Did you know there was a time before hops?
It’s hard to believe, right?
I remember reading some years ago that a grain based fermented drink that doesn’t have hops in it should be called an Ale and got involved in a tongue in cheek discussion in the Twittersphere about how a certain organisation ought to only be championing drinks without hops in them.
Oh, how we all laughed.
Anyhow, this kind of brewing would get its bitterness and sweetness, tartness and other layers of flavour from herbs and spices.
Master Brewer Annick De Splenter at the Gruut City Brewery in Ghent, Belgium, has decided to look back into this pre-hop history in her part of the world when in the Middle Ages there were brewers on the German side of the river Leie using hops in their Lagered drinks and on the French ruled Left Bank it was all about herbs and spices, and make some beer (Ale!) in this manner.
There are currently four different drinks available I was genuinely surprised by what I found, especially as I am a self confessed Hop-Head.
The Wit (5%) pours a lovely lemon yellow with a big fuzzy head and smells like a creamy lemonade float.
The malting is a very soft and smooth affair, all vanilla ice cream cones, runny honey and yeasty French bread, and there’s a warm earthy spiced tang from the yeast.
And I have to say, though I would like to feel the crisp sharp smack of hops, the orange peel and coriander more than make up for it with a fruity piquant kiss.
It’s a funny thing, isn’t it? The need for hops in our beer.
I mean, this Blond (5.5%) is perfectly drinkable, really quite enjoyable actually, but even with that said it feels like it’s missing something.
It’s missing that sharp bitter thwack that hops would provide.
And yet it may just be because I know that they’re not there because, if I’d not been told, I’d probably have assumed that they were as this Blond delivers a spun sugar and waffle malt base, a little sprinkling of salty yeast and the soft metallic hit of garden herbs, giving the beer a little bitterness in its otherwise sweet finish.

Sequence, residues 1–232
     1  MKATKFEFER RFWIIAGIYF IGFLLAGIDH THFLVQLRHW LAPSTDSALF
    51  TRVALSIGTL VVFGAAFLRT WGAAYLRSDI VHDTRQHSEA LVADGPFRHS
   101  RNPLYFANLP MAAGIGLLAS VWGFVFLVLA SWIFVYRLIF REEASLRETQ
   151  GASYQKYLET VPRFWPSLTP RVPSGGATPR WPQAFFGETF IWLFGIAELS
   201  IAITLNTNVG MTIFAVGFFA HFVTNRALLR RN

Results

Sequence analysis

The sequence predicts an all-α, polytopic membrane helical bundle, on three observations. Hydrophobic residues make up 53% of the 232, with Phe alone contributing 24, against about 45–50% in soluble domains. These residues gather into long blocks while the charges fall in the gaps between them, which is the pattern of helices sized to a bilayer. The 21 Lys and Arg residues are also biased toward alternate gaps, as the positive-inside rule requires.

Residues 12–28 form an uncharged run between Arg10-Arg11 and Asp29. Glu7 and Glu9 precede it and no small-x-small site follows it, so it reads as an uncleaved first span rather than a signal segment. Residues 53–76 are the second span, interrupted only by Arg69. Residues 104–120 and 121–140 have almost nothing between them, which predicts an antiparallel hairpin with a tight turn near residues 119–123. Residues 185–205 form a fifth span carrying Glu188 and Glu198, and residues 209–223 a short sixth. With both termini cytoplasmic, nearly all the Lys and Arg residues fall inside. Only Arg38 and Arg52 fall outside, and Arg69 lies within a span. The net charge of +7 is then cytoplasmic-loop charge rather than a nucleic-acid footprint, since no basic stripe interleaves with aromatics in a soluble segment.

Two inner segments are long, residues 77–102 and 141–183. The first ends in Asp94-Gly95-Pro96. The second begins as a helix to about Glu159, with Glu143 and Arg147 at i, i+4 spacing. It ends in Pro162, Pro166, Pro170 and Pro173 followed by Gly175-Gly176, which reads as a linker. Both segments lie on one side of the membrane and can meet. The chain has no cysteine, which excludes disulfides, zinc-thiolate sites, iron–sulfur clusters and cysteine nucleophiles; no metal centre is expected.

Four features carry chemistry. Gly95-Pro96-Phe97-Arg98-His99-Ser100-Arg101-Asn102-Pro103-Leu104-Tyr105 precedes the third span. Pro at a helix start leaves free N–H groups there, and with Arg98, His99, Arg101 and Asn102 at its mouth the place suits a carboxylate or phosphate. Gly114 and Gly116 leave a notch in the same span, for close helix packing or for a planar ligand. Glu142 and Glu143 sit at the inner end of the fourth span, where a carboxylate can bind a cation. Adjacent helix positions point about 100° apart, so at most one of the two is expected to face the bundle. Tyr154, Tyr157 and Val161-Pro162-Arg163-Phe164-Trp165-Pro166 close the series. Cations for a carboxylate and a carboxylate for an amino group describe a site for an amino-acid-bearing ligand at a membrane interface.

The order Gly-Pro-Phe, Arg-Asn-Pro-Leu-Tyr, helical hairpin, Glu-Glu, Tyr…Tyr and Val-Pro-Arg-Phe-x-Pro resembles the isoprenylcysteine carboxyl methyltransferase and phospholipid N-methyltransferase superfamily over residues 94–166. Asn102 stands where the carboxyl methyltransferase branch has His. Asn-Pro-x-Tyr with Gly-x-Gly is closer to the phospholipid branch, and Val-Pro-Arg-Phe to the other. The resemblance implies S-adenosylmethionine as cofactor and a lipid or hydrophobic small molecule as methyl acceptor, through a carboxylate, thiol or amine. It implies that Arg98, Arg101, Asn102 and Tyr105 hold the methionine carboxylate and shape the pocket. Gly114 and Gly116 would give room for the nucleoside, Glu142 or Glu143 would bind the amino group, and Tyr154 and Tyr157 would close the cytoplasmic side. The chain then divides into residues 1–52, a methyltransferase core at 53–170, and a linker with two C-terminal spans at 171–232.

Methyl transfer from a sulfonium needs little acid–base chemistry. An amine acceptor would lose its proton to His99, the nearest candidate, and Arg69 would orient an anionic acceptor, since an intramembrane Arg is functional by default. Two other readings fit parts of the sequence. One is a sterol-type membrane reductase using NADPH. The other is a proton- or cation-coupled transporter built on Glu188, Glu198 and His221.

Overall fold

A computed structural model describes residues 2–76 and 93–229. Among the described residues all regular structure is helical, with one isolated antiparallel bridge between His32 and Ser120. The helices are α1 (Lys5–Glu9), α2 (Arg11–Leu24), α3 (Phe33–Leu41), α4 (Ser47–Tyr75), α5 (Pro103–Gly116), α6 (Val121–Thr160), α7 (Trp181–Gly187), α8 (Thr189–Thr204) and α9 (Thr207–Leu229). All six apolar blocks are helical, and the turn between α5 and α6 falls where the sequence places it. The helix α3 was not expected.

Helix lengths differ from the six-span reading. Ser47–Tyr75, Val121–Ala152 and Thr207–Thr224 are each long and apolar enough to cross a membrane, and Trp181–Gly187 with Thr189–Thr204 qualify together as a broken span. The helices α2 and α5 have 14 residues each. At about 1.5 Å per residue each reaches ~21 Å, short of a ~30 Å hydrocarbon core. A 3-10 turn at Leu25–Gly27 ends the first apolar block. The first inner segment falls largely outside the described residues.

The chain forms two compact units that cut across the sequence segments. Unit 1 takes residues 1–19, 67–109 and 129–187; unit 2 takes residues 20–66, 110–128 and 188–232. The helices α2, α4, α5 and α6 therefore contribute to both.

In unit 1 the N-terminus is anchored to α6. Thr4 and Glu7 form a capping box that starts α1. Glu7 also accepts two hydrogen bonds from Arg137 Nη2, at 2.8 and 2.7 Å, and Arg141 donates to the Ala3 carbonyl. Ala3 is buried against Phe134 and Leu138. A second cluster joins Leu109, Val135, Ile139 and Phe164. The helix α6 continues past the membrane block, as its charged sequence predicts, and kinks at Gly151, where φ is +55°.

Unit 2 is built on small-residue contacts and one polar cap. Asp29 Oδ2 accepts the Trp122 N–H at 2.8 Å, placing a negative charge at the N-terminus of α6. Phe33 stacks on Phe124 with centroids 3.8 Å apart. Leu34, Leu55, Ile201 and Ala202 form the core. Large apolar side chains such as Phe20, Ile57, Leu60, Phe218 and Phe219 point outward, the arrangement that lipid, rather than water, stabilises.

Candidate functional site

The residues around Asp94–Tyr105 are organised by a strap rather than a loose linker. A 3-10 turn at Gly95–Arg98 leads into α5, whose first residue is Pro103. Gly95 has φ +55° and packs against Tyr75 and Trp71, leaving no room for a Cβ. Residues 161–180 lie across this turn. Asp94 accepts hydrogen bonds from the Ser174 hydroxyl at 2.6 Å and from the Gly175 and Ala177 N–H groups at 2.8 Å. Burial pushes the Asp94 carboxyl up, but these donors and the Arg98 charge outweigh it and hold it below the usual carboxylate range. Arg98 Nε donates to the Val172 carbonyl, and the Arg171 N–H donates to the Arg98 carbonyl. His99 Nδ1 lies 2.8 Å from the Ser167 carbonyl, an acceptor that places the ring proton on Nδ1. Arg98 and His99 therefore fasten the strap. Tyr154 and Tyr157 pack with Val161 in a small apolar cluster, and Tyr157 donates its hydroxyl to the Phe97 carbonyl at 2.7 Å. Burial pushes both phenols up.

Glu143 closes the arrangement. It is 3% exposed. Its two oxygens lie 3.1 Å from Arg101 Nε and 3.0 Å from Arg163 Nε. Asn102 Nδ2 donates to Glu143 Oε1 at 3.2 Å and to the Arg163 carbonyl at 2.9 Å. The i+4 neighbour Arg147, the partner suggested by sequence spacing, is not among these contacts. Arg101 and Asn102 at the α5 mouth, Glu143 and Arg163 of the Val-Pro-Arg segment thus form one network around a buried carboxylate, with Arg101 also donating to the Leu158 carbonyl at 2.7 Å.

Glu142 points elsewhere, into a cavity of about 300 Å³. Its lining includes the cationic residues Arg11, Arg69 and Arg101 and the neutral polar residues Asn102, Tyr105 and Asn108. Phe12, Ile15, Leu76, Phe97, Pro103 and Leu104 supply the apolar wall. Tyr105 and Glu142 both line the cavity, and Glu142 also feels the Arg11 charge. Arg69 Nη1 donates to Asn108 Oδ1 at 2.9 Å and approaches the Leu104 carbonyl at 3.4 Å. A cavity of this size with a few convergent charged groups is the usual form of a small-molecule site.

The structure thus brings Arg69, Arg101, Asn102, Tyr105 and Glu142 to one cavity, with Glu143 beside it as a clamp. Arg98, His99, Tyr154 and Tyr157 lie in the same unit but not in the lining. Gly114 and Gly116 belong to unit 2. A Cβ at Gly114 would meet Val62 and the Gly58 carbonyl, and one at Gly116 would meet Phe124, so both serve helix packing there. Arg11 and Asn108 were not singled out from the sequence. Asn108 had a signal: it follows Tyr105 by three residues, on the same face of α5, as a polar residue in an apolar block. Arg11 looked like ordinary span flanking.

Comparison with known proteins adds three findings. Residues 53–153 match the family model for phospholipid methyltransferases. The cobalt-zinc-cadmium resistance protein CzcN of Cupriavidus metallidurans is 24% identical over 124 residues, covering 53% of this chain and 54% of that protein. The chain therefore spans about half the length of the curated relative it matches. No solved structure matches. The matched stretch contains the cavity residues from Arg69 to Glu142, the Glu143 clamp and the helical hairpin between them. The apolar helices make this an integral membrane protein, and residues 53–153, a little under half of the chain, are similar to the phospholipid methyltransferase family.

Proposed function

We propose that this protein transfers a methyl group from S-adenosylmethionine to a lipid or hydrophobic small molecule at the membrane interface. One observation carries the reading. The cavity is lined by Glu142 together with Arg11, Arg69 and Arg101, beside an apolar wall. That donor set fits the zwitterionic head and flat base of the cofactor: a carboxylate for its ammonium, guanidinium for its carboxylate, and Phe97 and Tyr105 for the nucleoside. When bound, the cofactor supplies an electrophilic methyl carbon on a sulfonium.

The Amber (6.5%) doesn’t really work for me as it tastes rather medicinal while smelling thin and watery.
It pours a nice enough conker red but the treacle aroma is far too far away and vague and what should be a sticky toffee body is rather limp.
And then there are the herbs replacing the hops which include, I’m guessing, some aniseed and burdock, but whatever the mix is the finish tastes like childhood medicine.
What this beer feels like is that the brewer was trying to head somewhere near to a Dubbel but sadly missed the mark.
Finally we come to the Bruin (7.5%) which is a blended beer brewed with nuts as well as herbs and spices.
And you know something?
I really like this one.
It’s a deep chestnut coloured beer with a little foamy head and it smells of hazelnuts and treacle tart.
The body of the beer is round and chewy and satisfying, all toffee and pretzels, honey and Belgian waffles, and there’s a good earthy yeast bite lurking in the background.
And here, in a style that doesn’t rely so heavily on its hopping, the herbs and spices and the nuts work very well, giving the beer a woody and warm, lightly spiced kick and a smack of hedgerow greenery.
The finish is sticky and chewy and warmed through with a boozy haze that has me taking my time and savouring each mouthful.
Source: James Clay